Financial Freedom: The First Step

If you're just tuning in, you can check out the first two posts about our financial history and how we acquired $34,000 worth of debt

Welcome back!  When we left off last time we were talking about how we'd racked up roughly $34,000 in debt.  A lot of money.  Like I said before, this was (within a couple hundred dollars) the equivalent of the salary of my first real job.  So, yeah, that was (and is) what I consider to be quite a bit of debt.

Despite being in a chunk of debt already, I'm very glad to be able to say that Neal and I still made some wise decisions regarding that debt.  First of all, I really only "allowed" debt because I thought we needed it.  But from the get-go, I was determined to pay our debt off early.  Neal on the other hand, could care less whether we paid 100 times what was due or whether we paid the minimum.  Can you tell who the free-spirit is?

Because of my determination to pay off debt early, I always paid $50 to $100 (the actual number eludes me but I know I'm close here) more than my actual student loan bill each month....from day one.  Also, to give you a true reference, my student loan bill was only like 90 something dollars each month.  So I was essentially doubling up on payments. 

After we got married in August 2012 I didn't work from August 2012 until November 2012...and even then it was minimal, part time work until February 2013.  We lived pretty comfortably on one income.  We continued to only use our credit cards to pay for gas, and we continued to pay them off each and every month.  We started to save some money each month (10% give or take) but we were only tithing intermittently.  I was doing a monthly budget, but Neal didn't really care to be included in that, and I was pretty good at managing things so we both just left the day-to-day money-matters up to me.  We stuck tight to our budget for a couple of reasons, but mostly because we had to. 

In February 2013 I went back to work full-time and Neal and I were both working 10-12+ hour days every day.  We really fell off the budget bandwagon from about February til April.  We ate out almost every single night (we seriously only cooked at home like one, maybe two nights a week).  Not only that, but I frequently ate both lunch and breakfast out and Neal spent a lot of money on gas station food.  It was bad....for our wallets and our waistlines.  There was one great thing we did during this time; we spent a big chunk of Neal's bonus in March 2013 to pay off my first student loan ($3000).  We then continued to pay the same amount on my remaining student loan. 

Up until this point we had been paying the minimum on our auto loan ($385.18) but once we paid off my first student loan, we increased that amount to $400 a month.  Yep, you read that right, we increased our payment by a whopping FIFTEEN DOLLARS a month.   Haha. I seriously can't help but laugh at that now because I remember, at the time, thinking it was kind of a big deal.  Honestly, the only reason we increased our payment, was because it was easier to keep track of in our check register.  If we were already paying $385, it just made sense to round it up to an even $400.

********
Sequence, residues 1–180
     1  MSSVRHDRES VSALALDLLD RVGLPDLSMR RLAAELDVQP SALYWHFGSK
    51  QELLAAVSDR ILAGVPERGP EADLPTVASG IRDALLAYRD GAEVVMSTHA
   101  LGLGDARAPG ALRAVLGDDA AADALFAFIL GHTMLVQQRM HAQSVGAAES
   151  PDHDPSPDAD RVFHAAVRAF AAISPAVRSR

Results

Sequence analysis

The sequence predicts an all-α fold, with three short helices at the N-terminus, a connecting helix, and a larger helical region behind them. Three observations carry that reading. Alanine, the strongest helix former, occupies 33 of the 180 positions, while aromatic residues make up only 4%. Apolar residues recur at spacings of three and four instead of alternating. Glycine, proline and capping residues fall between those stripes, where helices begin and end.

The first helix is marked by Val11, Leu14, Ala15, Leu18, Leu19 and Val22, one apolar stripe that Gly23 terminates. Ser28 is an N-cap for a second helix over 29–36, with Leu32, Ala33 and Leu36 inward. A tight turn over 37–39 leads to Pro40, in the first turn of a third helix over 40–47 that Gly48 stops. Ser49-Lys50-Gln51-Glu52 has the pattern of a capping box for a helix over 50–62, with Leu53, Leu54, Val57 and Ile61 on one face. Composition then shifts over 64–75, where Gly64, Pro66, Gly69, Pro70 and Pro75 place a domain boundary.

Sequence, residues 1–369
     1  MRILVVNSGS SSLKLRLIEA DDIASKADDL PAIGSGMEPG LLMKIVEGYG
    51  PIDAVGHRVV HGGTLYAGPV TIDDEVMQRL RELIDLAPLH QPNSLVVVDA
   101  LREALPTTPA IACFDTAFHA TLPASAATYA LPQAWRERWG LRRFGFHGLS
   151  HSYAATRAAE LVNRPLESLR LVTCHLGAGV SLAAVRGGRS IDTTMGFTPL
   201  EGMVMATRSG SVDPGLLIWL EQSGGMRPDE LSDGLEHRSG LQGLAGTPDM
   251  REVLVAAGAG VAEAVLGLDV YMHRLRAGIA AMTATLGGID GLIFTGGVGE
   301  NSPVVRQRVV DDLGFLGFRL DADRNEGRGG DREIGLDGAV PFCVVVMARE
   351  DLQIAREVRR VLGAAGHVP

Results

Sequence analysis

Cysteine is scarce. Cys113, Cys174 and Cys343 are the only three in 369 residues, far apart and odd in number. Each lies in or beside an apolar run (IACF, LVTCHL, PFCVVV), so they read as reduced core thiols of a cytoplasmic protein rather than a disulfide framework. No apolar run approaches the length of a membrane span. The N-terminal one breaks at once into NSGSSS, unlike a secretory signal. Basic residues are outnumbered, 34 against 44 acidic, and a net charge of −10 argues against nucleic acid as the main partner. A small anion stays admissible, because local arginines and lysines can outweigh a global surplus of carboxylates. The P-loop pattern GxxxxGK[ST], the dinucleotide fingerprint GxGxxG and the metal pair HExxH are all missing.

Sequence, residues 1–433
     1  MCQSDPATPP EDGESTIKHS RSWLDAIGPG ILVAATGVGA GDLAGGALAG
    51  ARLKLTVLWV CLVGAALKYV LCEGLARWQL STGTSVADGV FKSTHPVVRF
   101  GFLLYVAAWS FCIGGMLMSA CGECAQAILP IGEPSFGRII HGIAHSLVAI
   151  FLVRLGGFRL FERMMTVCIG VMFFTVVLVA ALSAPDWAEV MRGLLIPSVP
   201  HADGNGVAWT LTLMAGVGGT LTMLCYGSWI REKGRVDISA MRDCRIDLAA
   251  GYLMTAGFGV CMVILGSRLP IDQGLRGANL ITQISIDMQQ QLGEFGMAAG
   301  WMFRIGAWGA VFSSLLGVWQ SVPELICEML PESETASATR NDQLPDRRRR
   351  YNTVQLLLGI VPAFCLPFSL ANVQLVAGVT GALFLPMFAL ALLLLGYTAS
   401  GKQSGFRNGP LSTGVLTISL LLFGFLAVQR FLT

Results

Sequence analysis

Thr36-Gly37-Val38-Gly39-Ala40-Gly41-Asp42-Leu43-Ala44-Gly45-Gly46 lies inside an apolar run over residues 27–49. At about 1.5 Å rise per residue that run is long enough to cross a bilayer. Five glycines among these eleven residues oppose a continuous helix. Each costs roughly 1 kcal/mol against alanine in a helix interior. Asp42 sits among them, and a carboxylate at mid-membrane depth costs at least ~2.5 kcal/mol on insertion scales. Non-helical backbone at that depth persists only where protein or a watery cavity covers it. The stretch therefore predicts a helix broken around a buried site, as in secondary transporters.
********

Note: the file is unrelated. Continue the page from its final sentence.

In April-ish 2013 we got our budget fairly back under control and started cooking and eating more meals at home.  (Side note: If you ever need a reality check, write down all of your expenses for the month.  We were appalled by how much money we were spending at restaurants in a single week, let alone an entire month!)  In May 2013, we made the decision for me to quit my job.  Our household and marriage were not being cared for as they should have been and we agreed that in order for those to be a priority, I couldn't continue working 12 hour days every day. At the time, with my job, not working 10-12 hour days was not an option.  We knew this was a sacrifice financially, but agreed it was 100% worth it for the well-being of our marriage.  I stayed home from about halfway through May 2013 until November 2013.  During this time we, once again, stuck especially close to our budget and we started making some bigger financial cuts.  We got rid of cable, cut back our food bill, ate out significantly less, shopped less, got rid of Neal's smartphone (he's never looked back, by the way. Have I mentioned how awesome he is?!) and enjoyed cheaper date nights (hellllloooo, Redbox!). These changes alone saved us a few hundred dollars each month. 

In October 2013, we joined a small group through our church.  At one of our first meetings, we started talking about Financial Peace University.  Half of our group had already gone through the class earlier in the year, half of us hadn't.  The first class had been held like the day before, so those of us who hadn't gone through it yet, agreed we were going to commit and take the 9-week class. 

FPU was a game-changer for Neal and I.  It did a great job of giving information in a variety of ways which helped Neal and I get on the same page and for the first time in our relationship, we were both excited about our financial goals and our family's financial future.  For the first time in our marriage, we were both 100% invested in our finances.  We had a focus and clear [and agreed on] goals.

Stay tuned for the next post as I walk you through our FPU journey and how that class rocked our world!

P.S. If you're even thinking about taking FPU.  Stop thinking.  GO SIGN UP!


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